PAKISTAN: An administration as overwhelmed as the people

Anywhere but here/Photo: IRIN

In the courtyard of a building that was going to be an undergraduate college outside the port city of Karachi, Pakistan, Allah Baksh boils a pot of tea over an open fire. He and 3,000 others found sanctuary there after their lives were uprooted from villages in a 1,000 km radius around the city by the spreading waters of the Indus River, rolling through the southern province of Sindh to the sea.

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“It took a lifetime to put together what I had – it took the water just five minutes to wash it away,” Allah Baksh said in a mixture of Sindhi and Urdu. Others from Mirpur Buriro, their village, agree. They are all subsistence farmers whose rice and cotton crops, livestock and houses were swept away – livelihood, shelter and security swallowed by the floodwater in one gulp. “Allah ki marzi [It is God’s will],” he added.

Many cannot look beyond their shattered lives – it has only been 10 days since they lost everything. “The water will take months – maybe years – to go away in our village,” said Allah Baksh. “Until then we need to get work to feed our families – you must ask the government to get us work,” he tells Abdul Sattar, the district administrator.

The villagers are grateful someone is listening. “They have had no counselling – we don’t really have the resources,” Sattar said. The people will need a place to stay for at least three months, “but in some parts of Sindh, which is already quite water-logged, the water may be around for a couple of years.” The college camp and two others in the area are near the port, and “we are trying to negotiate with some of the companies to see if they could hire the men as casual labour.”

The camp in the college at Hawks Bay, a Karachi suburb, is one of three set up in the area by the cash strapped local administration, which seems as overwhelmed as the population it is trying to help. The provincial administration has been running on an overdraft. “We are ready to step in and we have started the process, but aid has been slow in coming and whatever has come in has been too little,” said Kazi Ayaz Mahessar, resident UN coordinator in Sindh Province.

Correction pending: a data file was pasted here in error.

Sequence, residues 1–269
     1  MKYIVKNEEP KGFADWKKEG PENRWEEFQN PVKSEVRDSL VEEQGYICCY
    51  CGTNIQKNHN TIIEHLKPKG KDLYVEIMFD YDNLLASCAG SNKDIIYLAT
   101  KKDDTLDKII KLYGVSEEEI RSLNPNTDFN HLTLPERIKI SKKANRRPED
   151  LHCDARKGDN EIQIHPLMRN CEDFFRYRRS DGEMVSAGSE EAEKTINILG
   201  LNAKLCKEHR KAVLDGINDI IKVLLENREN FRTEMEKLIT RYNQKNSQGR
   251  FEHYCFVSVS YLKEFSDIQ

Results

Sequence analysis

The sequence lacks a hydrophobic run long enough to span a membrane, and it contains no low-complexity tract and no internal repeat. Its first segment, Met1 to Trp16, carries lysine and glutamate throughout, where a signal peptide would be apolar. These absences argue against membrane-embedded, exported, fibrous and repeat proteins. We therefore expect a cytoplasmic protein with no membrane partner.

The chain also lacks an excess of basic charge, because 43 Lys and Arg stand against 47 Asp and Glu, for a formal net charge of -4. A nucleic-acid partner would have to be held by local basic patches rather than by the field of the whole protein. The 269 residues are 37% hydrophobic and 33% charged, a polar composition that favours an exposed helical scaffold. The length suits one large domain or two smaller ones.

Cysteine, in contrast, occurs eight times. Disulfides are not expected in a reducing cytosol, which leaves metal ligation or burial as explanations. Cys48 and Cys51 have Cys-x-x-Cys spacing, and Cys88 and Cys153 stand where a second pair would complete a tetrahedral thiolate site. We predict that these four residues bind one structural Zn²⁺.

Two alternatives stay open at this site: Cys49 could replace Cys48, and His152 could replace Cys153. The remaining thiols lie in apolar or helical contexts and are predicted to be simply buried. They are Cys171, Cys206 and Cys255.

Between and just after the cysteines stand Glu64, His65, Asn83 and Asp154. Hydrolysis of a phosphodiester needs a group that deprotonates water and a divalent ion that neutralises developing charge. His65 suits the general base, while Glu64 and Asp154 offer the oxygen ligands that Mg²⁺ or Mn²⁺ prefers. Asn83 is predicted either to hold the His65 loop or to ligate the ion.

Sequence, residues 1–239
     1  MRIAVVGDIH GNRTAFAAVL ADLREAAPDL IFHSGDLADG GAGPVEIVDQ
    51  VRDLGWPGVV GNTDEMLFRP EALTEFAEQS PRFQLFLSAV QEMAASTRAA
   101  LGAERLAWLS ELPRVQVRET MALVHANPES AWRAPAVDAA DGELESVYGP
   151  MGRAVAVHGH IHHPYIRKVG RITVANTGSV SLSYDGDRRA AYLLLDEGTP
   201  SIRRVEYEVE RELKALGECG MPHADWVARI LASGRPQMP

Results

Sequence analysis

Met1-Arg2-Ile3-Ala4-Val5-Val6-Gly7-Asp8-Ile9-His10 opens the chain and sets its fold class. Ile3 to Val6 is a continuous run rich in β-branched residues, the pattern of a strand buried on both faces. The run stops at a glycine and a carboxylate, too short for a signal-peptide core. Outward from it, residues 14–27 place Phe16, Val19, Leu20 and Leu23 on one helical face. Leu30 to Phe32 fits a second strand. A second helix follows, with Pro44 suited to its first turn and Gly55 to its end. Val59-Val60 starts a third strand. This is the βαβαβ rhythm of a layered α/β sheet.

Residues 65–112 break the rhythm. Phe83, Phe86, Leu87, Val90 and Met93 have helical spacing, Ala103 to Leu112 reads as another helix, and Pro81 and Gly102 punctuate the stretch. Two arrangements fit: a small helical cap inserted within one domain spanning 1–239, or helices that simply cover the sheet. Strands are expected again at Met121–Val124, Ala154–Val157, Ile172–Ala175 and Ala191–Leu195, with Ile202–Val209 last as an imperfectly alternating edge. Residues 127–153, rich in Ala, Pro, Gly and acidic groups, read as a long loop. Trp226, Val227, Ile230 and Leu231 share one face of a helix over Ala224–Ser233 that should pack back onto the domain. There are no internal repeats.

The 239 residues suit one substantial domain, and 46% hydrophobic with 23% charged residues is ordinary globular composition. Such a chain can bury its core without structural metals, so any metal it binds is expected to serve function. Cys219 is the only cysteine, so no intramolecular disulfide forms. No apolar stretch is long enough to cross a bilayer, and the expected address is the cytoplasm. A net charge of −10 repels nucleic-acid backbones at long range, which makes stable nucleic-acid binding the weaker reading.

While the villagers are trying to deal with the enormity of their loss, the local administration is struggling to contain the effects of ignorance of hygiene norms. Abdul Latif, a government doctor who regularly visits the camp, says he has been seeing at least 40 cases of diarrhoea every day.

There are toilets in the building but the stench emanating from them is overpowering. Sattar says if they had the resources, “We would like all the people to be stationed in one open camp, with separate areas for washing, drinking and bathing, so we can maintain proper hygiene.”

Urgent needs

Clean drinking water is critical. “We have received water purification tablets but this is not adequate for 3.6 million people already displaced in this province,” noted Mahessar. “And the numbers are rising as Thatta [the last district through which the Indus flows before it reaches the Arabian Sea] gets flooded – we expect the figure to rise to 4.5 million.” The national highway to Thatta is already being flooded.